64. 64 Flyin said at 10:02 PM on May 28th, 2013:

    I enjoy your replies. I don’t know who the clown is that is giving you a negative rating on all your replies in this post… it may be the army guy checking your mental toughness. If it’s not him, it’s not cool.

  65. 65 GEagle said at 6:16 AM on May 29th, 2013:

    Thanks man…No worries, the grade school crap doesnt bother me. Like to talk football, not interested in popularity contests

  66. 66 xlGmanlx said at 6:44 PM on May 28th, 2013:

    Breakneck pace isn’t the genius in Kelly’s tempo, it is being able to get the defense in a package that they can exploit. Obviously it isn’t just trying for a straight track meet. I feel if he is able to disguise his plays between formations, he can try and exploit the matchups he prefers, not just trying to be fast the whole game.

  67. 67 ClydeSide said at 7:10 PM on May 28th, 2013:

    Evan Mathis taking snaps at QB today really concerns me. He has a rag arm.

  68. 68 EaglesHero87 said at 12:36 AM on May 29th, 2013:

    “If defenses are conservative and keep the Safeties back, the Eagles will run. If teams are aggressive, Kelly will be throwing the ball.”

    Isn’t that what coaches and teams are supposed to do anyways? With the exception of Andy Reid who historically would continue to throw the ball even when the safeties played two-deep, I have to think that this approach is…I can’t think of any other word except simplistic. I’d like to think that Kelly would plan two steps ahead of the game, which means, as Tommy indicated before, taking what the defense gives him and making the right adjustments. What happens if the defense plays Cover One, for example? Does that mean Kelly has a counter-move for that?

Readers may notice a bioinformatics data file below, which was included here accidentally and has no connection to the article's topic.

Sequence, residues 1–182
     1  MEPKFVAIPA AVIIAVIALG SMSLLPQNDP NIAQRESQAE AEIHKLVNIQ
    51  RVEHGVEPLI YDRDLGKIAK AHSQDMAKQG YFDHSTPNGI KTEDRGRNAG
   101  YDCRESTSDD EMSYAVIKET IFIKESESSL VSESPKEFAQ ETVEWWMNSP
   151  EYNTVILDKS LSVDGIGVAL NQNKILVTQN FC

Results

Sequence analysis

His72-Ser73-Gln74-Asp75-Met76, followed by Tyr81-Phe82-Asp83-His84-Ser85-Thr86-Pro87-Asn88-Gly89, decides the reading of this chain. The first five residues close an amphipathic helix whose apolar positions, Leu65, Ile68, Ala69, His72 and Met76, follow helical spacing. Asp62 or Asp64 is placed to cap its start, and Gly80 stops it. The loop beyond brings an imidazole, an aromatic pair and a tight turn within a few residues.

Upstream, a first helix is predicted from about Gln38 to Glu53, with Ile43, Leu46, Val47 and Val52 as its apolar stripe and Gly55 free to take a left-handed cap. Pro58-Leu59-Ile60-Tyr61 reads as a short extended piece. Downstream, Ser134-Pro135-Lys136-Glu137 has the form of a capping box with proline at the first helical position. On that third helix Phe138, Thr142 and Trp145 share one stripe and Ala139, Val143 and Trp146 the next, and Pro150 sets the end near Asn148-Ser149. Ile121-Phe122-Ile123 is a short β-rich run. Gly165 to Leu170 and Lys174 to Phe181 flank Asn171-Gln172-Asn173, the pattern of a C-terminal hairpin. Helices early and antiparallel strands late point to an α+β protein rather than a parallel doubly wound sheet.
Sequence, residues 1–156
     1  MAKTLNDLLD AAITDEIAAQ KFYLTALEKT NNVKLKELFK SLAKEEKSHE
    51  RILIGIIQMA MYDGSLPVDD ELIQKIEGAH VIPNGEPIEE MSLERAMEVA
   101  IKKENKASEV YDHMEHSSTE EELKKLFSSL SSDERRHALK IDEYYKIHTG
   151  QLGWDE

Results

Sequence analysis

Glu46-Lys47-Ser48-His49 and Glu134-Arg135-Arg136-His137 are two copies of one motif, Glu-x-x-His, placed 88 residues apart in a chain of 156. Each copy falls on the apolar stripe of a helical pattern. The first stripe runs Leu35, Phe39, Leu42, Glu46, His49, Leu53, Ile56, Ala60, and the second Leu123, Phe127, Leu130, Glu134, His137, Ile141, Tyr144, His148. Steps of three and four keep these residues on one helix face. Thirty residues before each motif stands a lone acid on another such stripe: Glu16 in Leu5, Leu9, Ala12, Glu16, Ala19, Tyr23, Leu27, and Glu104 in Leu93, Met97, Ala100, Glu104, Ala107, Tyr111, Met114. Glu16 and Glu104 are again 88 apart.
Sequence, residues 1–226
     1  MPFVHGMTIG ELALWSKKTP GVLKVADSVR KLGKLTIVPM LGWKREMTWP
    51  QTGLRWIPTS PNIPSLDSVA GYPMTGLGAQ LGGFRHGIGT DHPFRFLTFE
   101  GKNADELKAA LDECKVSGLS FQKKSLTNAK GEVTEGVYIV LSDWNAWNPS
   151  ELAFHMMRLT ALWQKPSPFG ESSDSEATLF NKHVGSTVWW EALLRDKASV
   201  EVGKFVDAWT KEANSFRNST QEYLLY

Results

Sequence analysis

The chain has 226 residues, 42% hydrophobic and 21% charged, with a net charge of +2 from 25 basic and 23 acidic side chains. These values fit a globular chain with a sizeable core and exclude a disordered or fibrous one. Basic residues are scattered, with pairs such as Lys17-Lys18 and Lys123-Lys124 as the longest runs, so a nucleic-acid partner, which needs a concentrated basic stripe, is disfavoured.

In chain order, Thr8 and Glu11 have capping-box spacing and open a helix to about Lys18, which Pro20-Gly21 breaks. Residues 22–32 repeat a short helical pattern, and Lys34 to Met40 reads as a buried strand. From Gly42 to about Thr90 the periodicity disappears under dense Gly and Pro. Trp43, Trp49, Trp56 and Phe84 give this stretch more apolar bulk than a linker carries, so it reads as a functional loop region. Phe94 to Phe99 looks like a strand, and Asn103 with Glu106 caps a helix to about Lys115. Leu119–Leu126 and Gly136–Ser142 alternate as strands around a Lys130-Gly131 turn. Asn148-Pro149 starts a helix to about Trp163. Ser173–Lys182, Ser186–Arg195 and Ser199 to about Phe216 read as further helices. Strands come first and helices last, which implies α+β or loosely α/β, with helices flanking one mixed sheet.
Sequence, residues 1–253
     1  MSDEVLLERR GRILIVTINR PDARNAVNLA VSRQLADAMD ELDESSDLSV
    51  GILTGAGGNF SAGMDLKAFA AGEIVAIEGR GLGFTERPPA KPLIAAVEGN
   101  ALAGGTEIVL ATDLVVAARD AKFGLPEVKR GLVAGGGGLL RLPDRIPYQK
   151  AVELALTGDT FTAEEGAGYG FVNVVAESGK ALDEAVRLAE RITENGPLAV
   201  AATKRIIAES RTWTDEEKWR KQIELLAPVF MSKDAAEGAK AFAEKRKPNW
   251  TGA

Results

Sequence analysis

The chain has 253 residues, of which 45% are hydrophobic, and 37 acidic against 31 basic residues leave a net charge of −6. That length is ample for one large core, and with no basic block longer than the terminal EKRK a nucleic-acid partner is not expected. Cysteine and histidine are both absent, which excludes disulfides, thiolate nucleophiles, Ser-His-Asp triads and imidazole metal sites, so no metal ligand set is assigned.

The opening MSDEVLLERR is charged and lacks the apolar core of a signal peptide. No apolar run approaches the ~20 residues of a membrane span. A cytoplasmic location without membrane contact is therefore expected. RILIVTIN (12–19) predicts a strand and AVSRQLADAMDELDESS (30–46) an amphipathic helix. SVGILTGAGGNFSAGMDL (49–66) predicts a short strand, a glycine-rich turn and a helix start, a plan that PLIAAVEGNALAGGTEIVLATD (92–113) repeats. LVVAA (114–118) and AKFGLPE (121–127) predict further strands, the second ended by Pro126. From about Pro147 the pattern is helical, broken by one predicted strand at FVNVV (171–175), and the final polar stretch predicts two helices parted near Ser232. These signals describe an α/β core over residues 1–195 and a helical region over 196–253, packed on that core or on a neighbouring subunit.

Another thing I’d like to point out is the speed of the NFL game. In college, if the safeties stayed back, perhaps it was easier to execute the running plays. In the NFL, however, safeties may be positioned closer to the LOS, bluffing a blitzing play, and still retain their speed to return to coverage. There’s no doubt that I’m sure of in which Kelly may be brilliant with the X’s and O’s on the chalk board, but I really, really hope he recognizes the little important details that occur in the game.

    If we, as loyal Eagles fans, have a pretty good guess that Kelly wants to run an up-tempo offense, chances are other coaches most likely know he’s going to run one then, particularly our opponents in the NFC East. If their gameplan is to try to neutralize the Eagles’ supposedly up-tempo offense, is it safe to say that if Kelly thinks that’s what they’re going to do, then would he play a “down-tempo” offense?

  69. 69 GEagle said at 6:21 AM on May 29th, 2013:

    dont think we will always be a peddle to the metal offense…I wouldnt call it a high tempo offense, it will be more of a change of pace offense(IMO)…but I dont think we will ever see a “down tempo” offense for an entire game….at some point in every single game, opposing defense will have a grouping on the field that we feel we can take an advantage of with the personel grouping that we have on the field, and whenever Chip identifies that mismatch, he will speed up the tempo and not allow the defense to substitute